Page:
Before The First Stroke
In this first of a two-part series, I will discuss the parts of the stick. Top to bottom, any drumstick is made up of the same parts: the TIP, the SHOULDER/SHANK, the SHAFT, and the BUTT.
The TIP is the part that normally strikes the surface of the drum or cymbal that is being played. It is sometimes called the* HEAD*, but we don’t want to use the same name for two different components in a drummer’s life; a DRUMHEAD is the membrane stretched over the openings of a drum’s shell. *Incidentally, these drumheads were originally made from animal skins, mostly calf, and were consequently called “SKINS.” Plastic drumheads were invented in the late 1950’s.
The SHOULDER or SHANK is just below the TIP, where the stick begins to increase in diameter (a reverse taper). This part of the drumstick can be used to create more volume as needed, considerably more than the TIP. Also, the use of both the TIP and SHANK allows a drummer to choose between two distinct tone qualities when striking a cymbal or a drum. The SHANK can be used to strike the BELL of a cymbal and for producing a loud RIMSHOT on a drum. Alternating between these two sounds on either cymbals or drums can create interesting, sophisticated patterns.
The SHAFT of a stick is simply the “handle” of the drumstick. There’s not much to say about it other than to mention the importance of where your grip is placed on it, which will be discussed later.
Finally, there’s the BUTT. I purposely go from TIP to BUTT in a thinly veiled attempt at humor to end a rather unfunny topic. In lessons, snickers, grins and laughter usually follow the mention of this part (from boys, mostly). I completely understand. What you’ll notice about this word, though, is that its definitions involve the words “hit” and “strike,” as in “to hit with…” or “to strike against something.” You’ll also notice that the mass of the stick is most concentrated here, similar to the SHANK, so maximum volume is the main goal for using this part of the stick. While it’s true that most drummers who play with their BUTTS (!) are going for maximum volume, there are instances where you might see a drummer holding one stick in this “reverse” position. It’s most likely the hand used for playing CROSS–STICK or RIM KNOCKS in a LATIN or BRAZILIAN groove. We’ll discuss both this technique and this type of groove in a later lesson.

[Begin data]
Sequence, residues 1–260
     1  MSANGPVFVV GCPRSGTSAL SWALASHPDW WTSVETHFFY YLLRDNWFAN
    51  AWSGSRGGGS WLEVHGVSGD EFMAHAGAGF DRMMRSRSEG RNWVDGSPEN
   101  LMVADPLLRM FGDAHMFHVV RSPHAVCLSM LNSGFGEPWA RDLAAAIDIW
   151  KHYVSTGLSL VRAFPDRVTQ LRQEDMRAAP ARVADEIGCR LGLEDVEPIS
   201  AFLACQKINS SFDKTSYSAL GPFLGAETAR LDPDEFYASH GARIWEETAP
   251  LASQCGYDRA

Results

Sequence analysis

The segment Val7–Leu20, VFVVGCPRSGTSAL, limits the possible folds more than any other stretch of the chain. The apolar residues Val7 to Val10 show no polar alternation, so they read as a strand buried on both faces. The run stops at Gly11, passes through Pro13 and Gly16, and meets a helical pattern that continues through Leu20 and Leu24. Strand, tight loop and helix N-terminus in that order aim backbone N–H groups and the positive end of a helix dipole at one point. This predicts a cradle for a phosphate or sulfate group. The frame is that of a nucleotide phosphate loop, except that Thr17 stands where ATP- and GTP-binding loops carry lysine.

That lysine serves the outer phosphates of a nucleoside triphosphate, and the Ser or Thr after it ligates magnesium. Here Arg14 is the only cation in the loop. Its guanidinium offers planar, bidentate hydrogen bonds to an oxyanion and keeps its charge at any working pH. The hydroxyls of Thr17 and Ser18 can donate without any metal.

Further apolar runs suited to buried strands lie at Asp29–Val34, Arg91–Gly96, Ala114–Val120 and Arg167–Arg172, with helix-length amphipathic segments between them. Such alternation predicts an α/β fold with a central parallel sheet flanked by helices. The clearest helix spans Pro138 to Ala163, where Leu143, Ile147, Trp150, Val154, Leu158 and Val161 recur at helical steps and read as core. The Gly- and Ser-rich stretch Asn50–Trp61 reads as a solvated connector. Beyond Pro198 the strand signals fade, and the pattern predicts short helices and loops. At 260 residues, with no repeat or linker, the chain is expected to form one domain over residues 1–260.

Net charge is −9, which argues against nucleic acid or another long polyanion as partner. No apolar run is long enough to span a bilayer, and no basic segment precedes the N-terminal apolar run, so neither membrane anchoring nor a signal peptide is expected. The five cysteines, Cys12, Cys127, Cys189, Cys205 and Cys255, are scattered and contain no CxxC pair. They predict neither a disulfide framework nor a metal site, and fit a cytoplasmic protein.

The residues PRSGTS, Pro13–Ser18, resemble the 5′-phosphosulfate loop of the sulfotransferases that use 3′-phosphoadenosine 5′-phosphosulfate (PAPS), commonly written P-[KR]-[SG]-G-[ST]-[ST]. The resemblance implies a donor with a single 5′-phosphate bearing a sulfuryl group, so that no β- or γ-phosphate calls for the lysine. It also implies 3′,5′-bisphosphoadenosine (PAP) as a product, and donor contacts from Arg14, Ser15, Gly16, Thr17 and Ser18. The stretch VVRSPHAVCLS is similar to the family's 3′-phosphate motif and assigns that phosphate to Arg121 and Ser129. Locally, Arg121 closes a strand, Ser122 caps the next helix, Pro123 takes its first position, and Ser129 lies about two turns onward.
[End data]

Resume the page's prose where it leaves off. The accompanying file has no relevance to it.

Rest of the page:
So, now you know the parts of any drumstick. This basic design has been around since the creation of the first drumstick and, much like the wheel, won’t ever change; however, there are variations on this design that result in radically different possibilities of sound. Bundled dowels, bundled broom straw, felt-headed mallets and wire brushes are just a few of the many examples of these variations available to us to create different sounds just by changing the tools in our hands.
In our next blog entry, we will discuss the GRIP: Before the First Stroke Part 2